In August of 2012, my husband and I traveled to Malawi and Kenya for our first overseas adventure since he took over as President and CEO of Feed The Children a few months before. It was a trip of many jewels but one of the most important encounters for me during our time there was with a group of young men called the Hardy Boys—a group of 20s and 30s something young men with special needs. They had lived in the Feed The Children orphanage in Nairobi since childhood but had aged out of the system. (Thus, the “Hardy House” was created for them to live in for the rest of their life for most all of them have no family that is interested in caring for them).
Though full of life challenges and unable to do the one thing that they all wanted to do—work—for there are no jobs with persons with disabilities in Kenya (like most developing countries), the joy in their faces communicated to us beyond words and moved me to tears. During our time, one of the men, Christian gave me a year’s worth of his beautiful paintings in a sketchbook (pictured to the right). We ate together a meal with foods they thought we’d like the best. And later around chairs, we sang one of their favorite songs, “Kumbayah” together while drool rolled down the cheeks of some their faces and the blind ones twitched their heads back and forth and the rest of them couldn’t stop clapping their hands.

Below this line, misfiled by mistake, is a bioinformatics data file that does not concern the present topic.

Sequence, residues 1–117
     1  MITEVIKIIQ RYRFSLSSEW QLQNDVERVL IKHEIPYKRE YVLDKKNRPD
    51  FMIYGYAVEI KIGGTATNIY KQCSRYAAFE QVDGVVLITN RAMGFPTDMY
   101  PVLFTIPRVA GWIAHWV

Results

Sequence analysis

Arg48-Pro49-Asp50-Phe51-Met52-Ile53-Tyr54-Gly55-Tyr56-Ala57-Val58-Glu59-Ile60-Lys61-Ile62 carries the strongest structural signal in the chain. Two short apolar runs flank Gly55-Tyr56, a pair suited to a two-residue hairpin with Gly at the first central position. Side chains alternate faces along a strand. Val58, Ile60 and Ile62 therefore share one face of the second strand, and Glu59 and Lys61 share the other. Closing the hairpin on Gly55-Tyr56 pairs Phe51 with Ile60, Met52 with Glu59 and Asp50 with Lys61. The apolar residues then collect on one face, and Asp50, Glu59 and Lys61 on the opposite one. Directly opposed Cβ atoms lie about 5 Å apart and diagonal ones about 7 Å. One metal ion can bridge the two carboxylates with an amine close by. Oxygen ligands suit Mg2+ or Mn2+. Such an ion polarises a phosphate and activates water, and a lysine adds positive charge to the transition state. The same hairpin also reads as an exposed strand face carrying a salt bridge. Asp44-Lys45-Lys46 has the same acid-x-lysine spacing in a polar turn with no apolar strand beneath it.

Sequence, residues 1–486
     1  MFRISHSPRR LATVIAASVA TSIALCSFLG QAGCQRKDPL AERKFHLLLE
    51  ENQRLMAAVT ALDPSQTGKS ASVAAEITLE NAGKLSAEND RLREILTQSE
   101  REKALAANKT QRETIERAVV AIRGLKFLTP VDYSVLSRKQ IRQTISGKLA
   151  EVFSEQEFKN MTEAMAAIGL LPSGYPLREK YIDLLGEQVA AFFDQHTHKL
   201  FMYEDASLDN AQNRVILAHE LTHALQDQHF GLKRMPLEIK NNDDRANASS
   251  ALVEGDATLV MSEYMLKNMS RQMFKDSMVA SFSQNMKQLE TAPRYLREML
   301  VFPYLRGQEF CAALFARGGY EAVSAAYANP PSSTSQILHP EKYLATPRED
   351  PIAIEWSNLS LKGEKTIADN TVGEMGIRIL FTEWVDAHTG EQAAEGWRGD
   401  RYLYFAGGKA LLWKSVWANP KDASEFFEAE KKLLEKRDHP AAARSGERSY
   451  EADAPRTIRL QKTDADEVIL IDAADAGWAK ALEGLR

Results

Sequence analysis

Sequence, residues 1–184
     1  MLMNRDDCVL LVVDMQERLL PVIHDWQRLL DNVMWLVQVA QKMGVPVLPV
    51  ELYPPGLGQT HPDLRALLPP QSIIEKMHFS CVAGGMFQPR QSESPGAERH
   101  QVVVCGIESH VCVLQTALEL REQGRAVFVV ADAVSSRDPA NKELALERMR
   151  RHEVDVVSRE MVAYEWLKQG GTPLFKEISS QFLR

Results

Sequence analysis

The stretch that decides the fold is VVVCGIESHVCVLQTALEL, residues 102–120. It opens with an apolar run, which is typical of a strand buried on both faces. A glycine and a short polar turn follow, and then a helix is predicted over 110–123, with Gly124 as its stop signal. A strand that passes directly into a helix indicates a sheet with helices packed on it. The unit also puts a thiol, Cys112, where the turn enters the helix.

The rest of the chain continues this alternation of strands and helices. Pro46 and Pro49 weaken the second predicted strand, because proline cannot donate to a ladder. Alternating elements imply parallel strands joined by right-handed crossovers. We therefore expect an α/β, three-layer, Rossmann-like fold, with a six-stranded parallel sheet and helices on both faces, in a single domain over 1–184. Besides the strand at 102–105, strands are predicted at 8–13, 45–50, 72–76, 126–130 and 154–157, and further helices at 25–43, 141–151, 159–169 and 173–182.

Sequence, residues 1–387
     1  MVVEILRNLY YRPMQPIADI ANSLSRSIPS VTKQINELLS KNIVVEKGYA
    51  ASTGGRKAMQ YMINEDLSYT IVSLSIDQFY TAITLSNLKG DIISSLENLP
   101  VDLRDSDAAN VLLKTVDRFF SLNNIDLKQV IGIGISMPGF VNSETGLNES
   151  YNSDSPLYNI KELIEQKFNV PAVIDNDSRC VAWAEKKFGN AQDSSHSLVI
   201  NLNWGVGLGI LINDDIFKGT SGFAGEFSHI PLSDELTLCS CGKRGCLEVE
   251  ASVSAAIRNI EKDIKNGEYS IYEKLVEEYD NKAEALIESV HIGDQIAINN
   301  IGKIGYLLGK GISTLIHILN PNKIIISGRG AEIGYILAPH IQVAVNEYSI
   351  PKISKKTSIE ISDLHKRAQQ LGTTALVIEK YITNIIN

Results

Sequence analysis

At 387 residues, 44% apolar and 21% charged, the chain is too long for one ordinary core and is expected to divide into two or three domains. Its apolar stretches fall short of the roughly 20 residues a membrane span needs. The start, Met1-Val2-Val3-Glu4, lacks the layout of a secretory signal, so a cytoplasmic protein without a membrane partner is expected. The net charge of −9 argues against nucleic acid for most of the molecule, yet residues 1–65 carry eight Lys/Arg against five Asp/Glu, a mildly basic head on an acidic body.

It was in this motley crew that most everyone in the world had written off as unimportant and insignificant that I saw something about God that I, as a seminary educated, able-bodied, able sighted person hardly knew: that God dwells where people have given their life to Jesus—all of it.
These men were using their life, even with all their challenges, as instruments of God’s love in the world.
And this is truth: the way God sees the world is much like the Hardy boys do. And on that August day in their living room, I was standing on holy ground.